The event coordinator for the Carbondale Rocks Revival Music Festival said the event not only became more coordinated in it second year, but it also offered bigger names at more venues.
Event creators Nick Shurman, manager of Hangar 9, and Matt Longueville, former manager of Tres Hombres, said they wanted a way to bring music into multiple venues in town such as PK’s, Hangar 9, Pinch Penny and The Elks Lodge and showcase the vast amount of talented local and traveling musicians.
The Revival hosted more than 60 bands Whistle Pigs, Mud Sill, Hobo Knife, Hugh Deneal, Swamp Tigers and Soul Glo at about 15 venues.
Curtis Conley, event coordinator, said occasions such as this often tend to become more successful as they grow older. Despite harsh weather and power outages, the revival was no exception, he said.
Conley said Lynn Drury didn’t hesitate to get up close and personal with the crowd while the coordinators at the Varsity Center adapted to the power loss Friday during musician her play time.
“Without missing a beat she just went and sat down on the other stage, and everyone huddled around her and she played, and Mike (Dillon) brought his acoustic drumset out and played with her,” Conley said. “It was really intimate and really cool.”
The revival also brought in many national acts including Elizabeth Cook, who has played on David Letterman several times before, Conley said,
He said an event such as this helps bring the music community together and show people just how many talented musicians the town has to offer.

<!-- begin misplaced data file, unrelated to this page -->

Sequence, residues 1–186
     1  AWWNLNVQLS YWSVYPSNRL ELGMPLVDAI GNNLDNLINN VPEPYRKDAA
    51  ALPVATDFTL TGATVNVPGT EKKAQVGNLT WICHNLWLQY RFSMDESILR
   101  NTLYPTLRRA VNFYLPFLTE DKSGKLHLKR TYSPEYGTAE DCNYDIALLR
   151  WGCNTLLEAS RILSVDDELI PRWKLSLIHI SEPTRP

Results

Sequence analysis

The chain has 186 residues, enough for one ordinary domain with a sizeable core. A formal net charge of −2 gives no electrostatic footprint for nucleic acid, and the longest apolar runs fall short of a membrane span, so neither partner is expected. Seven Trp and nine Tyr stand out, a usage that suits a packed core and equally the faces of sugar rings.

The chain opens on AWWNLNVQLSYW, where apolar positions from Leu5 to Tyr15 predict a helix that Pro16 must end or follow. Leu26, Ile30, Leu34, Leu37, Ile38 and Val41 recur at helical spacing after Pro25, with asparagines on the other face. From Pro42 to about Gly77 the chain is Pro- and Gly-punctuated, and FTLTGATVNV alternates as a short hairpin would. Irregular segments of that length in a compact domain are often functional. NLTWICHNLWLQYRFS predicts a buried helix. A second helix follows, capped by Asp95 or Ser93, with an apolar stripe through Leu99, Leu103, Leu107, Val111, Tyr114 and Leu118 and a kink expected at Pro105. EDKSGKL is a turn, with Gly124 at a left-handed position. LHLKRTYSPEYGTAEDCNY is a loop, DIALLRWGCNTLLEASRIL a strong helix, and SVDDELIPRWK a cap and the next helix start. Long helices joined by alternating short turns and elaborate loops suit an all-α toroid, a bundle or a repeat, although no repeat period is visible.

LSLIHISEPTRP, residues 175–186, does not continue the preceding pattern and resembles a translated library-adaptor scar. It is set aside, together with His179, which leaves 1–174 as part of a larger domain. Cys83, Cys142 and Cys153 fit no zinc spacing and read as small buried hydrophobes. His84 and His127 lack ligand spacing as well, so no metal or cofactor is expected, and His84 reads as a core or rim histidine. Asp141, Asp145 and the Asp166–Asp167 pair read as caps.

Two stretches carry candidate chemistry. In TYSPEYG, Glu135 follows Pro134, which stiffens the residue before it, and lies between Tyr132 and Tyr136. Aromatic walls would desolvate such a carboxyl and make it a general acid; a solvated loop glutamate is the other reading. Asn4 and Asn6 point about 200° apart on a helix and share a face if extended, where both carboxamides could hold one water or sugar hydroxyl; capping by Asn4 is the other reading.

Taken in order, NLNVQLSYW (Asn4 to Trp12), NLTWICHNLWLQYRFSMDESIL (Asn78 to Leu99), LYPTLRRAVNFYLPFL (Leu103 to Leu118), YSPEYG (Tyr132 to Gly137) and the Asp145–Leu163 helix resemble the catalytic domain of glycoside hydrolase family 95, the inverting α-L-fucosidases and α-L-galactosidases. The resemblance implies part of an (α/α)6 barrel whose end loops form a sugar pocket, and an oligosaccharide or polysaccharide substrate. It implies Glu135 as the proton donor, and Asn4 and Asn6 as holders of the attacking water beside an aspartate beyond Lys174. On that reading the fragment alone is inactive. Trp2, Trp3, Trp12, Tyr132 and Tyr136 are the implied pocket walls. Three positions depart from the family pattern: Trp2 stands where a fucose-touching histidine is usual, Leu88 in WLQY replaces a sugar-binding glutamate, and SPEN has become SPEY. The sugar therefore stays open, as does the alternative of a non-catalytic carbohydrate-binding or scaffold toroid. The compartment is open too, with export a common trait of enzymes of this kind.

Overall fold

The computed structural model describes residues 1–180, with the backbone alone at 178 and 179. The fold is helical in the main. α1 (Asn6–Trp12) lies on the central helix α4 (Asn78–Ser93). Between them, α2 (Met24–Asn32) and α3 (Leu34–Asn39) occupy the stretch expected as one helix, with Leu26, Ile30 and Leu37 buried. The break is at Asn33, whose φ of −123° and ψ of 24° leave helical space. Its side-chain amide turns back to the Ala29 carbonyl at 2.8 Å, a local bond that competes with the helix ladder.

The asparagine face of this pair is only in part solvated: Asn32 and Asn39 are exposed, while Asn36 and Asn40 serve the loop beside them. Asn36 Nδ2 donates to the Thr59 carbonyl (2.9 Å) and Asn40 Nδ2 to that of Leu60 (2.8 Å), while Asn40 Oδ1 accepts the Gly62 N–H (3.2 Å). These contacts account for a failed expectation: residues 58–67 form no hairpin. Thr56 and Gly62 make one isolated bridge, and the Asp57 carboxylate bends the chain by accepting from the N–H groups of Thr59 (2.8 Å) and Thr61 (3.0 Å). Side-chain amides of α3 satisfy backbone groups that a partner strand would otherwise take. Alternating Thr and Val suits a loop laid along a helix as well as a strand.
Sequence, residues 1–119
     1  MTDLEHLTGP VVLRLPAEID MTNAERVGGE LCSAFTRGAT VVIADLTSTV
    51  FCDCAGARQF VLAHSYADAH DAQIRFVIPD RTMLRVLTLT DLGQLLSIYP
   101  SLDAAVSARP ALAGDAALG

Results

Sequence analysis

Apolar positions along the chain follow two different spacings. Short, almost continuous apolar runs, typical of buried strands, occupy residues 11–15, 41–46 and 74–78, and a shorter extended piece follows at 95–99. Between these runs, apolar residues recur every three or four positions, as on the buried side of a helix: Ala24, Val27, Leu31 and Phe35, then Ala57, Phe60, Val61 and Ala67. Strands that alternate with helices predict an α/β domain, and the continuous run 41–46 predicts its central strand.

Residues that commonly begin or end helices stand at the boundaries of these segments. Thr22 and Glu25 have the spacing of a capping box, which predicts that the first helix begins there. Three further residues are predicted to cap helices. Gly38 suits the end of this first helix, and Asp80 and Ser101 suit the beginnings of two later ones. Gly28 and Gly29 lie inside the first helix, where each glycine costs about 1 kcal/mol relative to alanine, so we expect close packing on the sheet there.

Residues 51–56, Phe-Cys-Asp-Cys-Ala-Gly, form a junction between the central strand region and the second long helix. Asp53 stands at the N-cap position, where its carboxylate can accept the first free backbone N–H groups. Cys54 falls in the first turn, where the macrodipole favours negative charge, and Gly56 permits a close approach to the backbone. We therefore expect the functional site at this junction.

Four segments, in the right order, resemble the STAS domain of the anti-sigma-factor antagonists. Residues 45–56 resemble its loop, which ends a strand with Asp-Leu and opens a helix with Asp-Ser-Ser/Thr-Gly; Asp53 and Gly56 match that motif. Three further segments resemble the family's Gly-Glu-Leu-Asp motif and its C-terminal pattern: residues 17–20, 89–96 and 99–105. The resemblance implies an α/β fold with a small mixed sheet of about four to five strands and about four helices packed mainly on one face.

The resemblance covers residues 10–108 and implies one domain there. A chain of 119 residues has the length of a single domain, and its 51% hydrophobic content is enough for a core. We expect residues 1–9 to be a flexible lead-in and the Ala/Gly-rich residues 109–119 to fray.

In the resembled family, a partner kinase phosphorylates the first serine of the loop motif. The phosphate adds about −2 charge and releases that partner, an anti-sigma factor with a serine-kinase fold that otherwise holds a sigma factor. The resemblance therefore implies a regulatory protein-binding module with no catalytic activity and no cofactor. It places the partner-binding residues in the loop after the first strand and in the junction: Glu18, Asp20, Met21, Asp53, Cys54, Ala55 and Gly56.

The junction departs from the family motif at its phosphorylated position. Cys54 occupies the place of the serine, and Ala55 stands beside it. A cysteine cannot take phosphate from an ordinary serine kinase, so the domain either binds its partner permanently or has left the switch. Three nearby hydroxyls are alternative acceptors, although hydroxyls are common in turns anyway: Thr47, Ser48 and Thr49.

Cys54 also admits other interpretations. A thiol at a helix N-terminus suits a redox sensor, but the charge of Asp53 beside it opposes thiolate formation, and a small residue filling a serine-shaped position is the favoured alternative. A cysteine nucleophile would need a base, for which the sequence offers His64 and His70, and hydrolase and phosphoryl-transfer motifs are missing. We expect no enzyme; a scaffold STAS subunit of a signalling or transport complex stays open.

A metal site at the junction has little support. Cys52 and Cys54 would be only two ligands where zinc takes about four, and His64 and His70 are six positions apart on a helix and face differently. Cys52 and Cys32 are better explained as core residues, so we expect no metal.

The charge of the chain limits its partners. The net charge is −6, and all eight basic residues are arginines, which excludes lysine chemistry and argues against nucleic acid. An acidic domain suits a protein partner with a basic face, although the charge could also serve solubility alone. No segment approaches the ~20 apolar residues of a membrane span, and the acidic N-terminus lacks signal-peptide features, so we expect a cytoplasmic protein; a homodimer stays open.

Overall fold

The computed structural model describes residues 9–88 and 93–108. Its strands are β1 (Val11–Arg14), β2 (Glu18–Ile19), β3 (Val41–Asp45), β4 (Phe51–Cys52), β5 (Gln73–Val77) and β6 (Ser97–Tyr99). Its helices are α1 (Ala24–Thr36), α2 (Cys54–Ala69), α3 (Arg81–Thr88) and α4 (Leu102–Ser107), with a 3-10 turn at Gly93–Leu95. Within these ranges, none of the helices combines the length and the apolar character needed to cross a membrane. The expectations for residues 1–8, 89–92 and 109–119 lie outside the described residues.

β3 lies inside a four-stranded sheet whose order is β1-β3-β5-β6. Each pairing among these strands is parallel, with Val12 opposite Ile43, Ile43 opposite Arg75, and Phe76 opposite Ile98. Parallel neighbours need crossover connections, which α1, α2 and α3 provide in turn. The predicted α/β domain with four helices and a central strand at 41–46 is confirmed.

Jesse Payne, guitarist for the local band “Another Dead Cover Band,” said he moved to Carbondale from Decatur in 2005 to pursue a music career because of the strong reputation Carbondale had in the performing arts.
Payne said the scene had dwindled so much two years ago that he considered moving away to pursue the career in a different town. When the Carbondale Rocks Revival Music Festival started last year, the music scene was reignited with fresh bands and new possibilities, he said.
“Especially since (the festival) was here last year, people came out and started to say ‘you know, Carbondale’s is actually just as good as it used to be,’ and (the bands) have just been in the woodworks and were waiting for the right opportunity to come out play all at the same time,” Payne said.
Tim Whiteford, lead guitarist in Bosco and Whiteford, said he has not only gotten the chance to play in the revival again, but he was also able to play four times with three different bands and experience some music he has not been exposed to.
Whiteford said he has been active in the Carbondale music scene for more than 10 years. Although it saw a decline a few years back, he said, the yearly event has made an impact.
“I think nowadays it seems like its starting to get a little spark back in the town,” Whiteford said. “I think for a while it seemed like things weren’t going smoothly for the scene as far as being an artistic community but … it seems to be coming back.”
Kristen Whiteford, upright bass player and singer for Bosco and Whiteford, said she agreed with the lead guitarist.
“It was very intense and fun and crazy, and it sort of hit its peak and then went down,” Kristen Whiteford said. “But it does seem to be on the rise again, I hope, because there are some very talented musicians around here. In fact, for the small area it’s almost absurd how many talented musicians there are.”
Payne said the performing arts are still a very powerful force within the town despite the last few years, and the Carbondale Rocks Revival Music Festival is a prime example of its comeback.
“The town isn’t dead, that’s for sure,” Payne said. “I don’t care what anybody says.”